It’s almost impossible anymore to turn on the television, look up what’s playing at the movies, or peruse a bookstore, without seeing a story line that relates to the American criminal justice system in one way or another. As a society, we are fascinated with criminals and even more intrigued by the innocent who are accused of a crime. While there are some movies/books that do a fairly accurate job of portraying how the criminal justice system works, most use a good dose of artistic license in order to make the story more interesting. For anyone in the real world who has been accused of crime, this makes it difficult to know what to expect from the experience. For example, in many fictional story lines a great deal of emphasis is put on the guilt or innocence of the client an attorney is representing. In the real world though, do criminal attorneys even need to know if their clients are actually guilty? The answer might surprise you.
The Attorney-Client Relationship
Let’s start with some basic information about the attorney-client relationship. The relationship an attorney has with a client is one of confidentiality. This is not just an ideal, but an ethical requirement. All attorneys must abide by a set of ethical rules or they risk having their license to practice law suspended or revoked. One of those rules relates to the confidential nature of the relationship criminal attorneys have with their clients. This means that your attorney cannot repeat, or otherwise disseminate, anything you share with him/her except in very rare circumstances, such as to prevent a serious crime from occurring or to prevent death or serious injury. Note that even these narrow exceptions relate to things that have yet to occur. Information relating to a crime you committed in the past is clearly covered under the attorney-client privilege.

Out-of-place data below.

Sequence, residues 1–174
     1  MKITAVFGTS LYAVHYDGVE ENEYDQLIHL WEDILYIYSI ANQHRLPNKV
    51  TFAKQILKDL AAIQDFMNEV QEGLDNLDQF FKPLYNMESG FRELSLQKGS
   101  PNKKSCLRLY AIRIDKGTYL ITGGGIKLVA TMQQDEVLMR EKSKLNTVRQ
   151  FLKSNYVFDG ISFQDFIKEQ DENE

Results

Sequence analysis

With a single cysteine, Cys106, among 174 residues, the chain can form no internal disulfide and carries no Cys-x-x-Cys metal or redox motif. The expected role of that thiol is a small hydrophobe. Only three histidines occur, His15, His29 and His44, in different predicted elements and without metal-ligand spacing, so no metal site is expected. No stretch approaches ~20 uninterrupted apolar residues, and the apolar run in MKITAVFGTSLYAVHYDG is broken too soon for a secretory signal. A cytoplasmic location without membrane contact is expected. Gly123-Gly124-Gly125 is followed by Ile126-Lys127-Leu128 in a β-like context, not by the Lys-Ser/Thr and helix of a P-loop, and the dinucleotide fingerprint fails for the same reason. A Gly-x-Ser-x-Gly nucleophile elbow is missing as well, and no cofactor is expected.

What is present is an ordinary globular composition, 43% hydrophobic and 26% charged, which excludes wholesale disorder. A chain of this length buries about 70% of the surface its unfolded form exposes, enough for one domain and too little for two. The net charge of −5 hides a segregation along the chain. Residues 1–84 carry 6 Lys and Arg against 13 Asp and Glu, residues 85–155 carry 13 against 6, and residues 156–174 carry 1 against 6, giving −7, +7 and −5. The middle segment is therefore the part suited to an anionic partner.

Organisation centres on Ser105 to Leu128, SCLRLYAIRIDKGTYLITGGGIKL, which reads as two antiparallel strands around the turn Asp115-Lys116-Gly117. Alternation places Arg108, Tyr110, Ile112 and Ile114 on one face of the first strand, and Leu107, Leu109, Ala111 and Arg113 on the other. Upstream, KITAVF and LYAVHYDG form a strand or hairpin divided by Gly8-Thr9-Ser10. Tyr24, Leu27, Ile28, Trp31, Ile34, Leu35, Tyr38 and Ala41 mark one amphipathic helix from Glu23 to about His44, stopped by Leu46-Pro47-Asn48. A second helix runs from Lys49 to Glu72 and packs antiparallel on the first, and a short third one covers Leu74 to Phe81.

Not Guilty vs. Innocent
Next, it is important to understand what your attorney’s job really is. Your attorney’s job is not to prove you innocent but to obtain (ideally) a not guilty verdict or outcome. There is a difference between “innocent” and “not guilty.” First though, a word about the burden in a criminal prosecution. The State of Tennessee, through the prosecuting attorney, has the burden of proving a defendant guilty beyond a reasonable doubt. The defendant is not required to prove anything. In fact, a defendant is not even required to put on a defense at trial because the burden rests with the State to prove each and every element of an offense beyond a reasonable doubt. If the State fails in its burden, the defendant should be found not guilty – even if the defendant provided not explanation, put on no defense, and simply rested after the State concluded with its presentation of evidence. It is very important to understand that a “not guilty” verdict does not necessarily mean that the defendant is innocent. It means that the State failed to prove the defendant guilty.
Don’t Ask – Don’t Tell
Now to the answer to the question “Do criminal attorneys even need to know if their clients are actually guilty?” No, in many cases they do not. First, it doesn’t matter if a client is guilty. The job of a criminal defense attorney is to protect a client’s rights throughout the prosecution of a case and to ensure that the client is not found guilty unless the State meets its “beyond a reasonable doubt” burden. It is often not necessary to know if a client is guilty or not for a criminal defense attorney to do his/her job well. As a general rule, criminal attorneys only ask questions of clients when they need to know the answer. If your attorney asks you a question, including “Did you do it?” – answer honestly because your lawyer would not be asking if the answer wasn’t important to protecting you and/or to defending you. Conversely, if your lawyer never asks you “Did you do it?” – don’t volunteer the answer because there may be a good reason why your lawyer doesn’t want to know the answer.
If you have been charged with a criminal offense in the State of Tennessee it is in your best interest to consult with the experienced Tennessee criminal attorneys at Bennett, Michael & Hornsby. Contact the team today by calling 615-898-1560 to schedule your appointment.
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